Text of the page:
Following the Rules/Living the Standards

Subtle differences that can make all the difference.

There are many things in the gospel that can appear to be relative or changing. There are even more that feel like they should be, but we often discuss them as if they are not.

For example, most know that temple garments used to extend to the ankles, wrists, and neck and were one entire article of clothing. The garments I’m wearing now extend to my knees, mid-bicep and cut low onto my chest and are separated into two articles of clothing. For something many consider to be part of a holy ordinance revealed by God, it is difficult to understand how this could change.

On the flip side, we have the law of chastity. The “For Strength of Youth” pamphlet, under the heading “Sexual Purity,” states “Before marriage, do not participate in passionate kissing… [do not] lie on top of another person… Do not do anything else that arouses sexual feelings. Do not arouse those emotions in your own body.”[1][emphasis mine] I don’t know about you, but man, if I adhered to this as a literal guide to my conduct, I’d never have spoken to a cute girl in my life! Maybe I’m hyper sensitive or perhaps the author of this statement has a non-existent sex drive, but that’s precisely the point – sexual interest varies so dramatically between people, I have a very hard time seeing how this could be a universal rule – it would turn everyone who is hyper-sexual into hermits, and leave asexual people to be conquerors of the world!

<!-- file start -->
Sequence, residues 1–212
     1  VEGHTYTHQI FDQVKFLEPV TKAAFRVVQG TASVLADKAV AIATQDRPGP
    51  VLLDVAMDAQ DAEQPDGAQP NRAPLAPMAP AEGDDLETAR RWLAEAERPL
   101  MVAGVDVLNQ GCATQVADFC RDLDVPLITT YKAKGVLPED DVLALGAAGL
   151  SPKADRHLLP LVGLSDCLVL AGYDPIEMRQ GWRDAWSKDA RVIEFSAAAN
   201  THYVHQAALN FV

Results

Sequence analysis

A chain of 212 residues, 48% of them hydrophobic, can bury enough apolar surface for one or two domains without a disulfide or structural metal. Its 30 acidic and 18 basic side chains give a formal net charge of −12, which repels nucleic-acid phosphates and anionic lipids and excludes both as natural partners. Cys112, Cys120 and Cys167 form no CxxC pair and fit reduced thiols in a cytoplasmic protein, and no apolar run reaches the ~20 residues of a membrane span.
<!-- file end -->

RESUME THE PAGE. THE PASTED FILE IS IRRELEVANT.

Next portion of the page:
Thinking in Rules and Standards
Much of these troubles go away however when we begin to think of the gospel in terms of rules and standards. These are terms used frequently in the world of law and economics. We are all familiar with rules. Speed limits are great examples – you have either exceeded the speed limit or you haven’t. There isn’t any grey area. There may be reasons to justify why you’ve exceeded the speed limit but that doesn’t change the fact that you broke the rule.

Standards, on the other hand, are more difficult to monitor. Imagine that the law required cars to drive at a “reasonable speed” instead of “no faster than 65 mph” on a certain stretch of road. This would be a standard. There isn’t any single definition that works at all times and all places, but it definitely seems that if all cars drove at a “reasonable” speed, we’d be just as well off, probably even better off, than if all cars drove no faster than 65 mph. Problem is, standards are harder to enforce than rules and they usually require more consideration as to what factors are relevant in the analysis. When a cop pulls you over for going 80 in a 65, hopefully there is some pretty compelling evidence – a reading on the radar gun. But if the cop pulls you over for “exceeding a reasonable speed” it’s difficult to know what evidence should be mustered. Is statistical data linking speeds to accidents relevant? What about the weather? Or maybe your driving experience should be considered. And how does the public know what speed is reasonable? Is a reasonable speed for a professional racecar driver different than for the newly licensed teenager? And how would the racecar driver signify to the cops that 120 mph in a 65 was, in fact, reasonable for him? Instead, we eliminate these difficulties by simply setting a rule. The rule overly penalizes some (like the race car driver who could safely go at 120 in a 65) and fails to penalize others (like the newly licensed driver who probably can’t drive reasonably at 65). But generally, we hope the 65 mph limit approximates what is a reasonable speed for a sizeable part of the population.

Church Parallels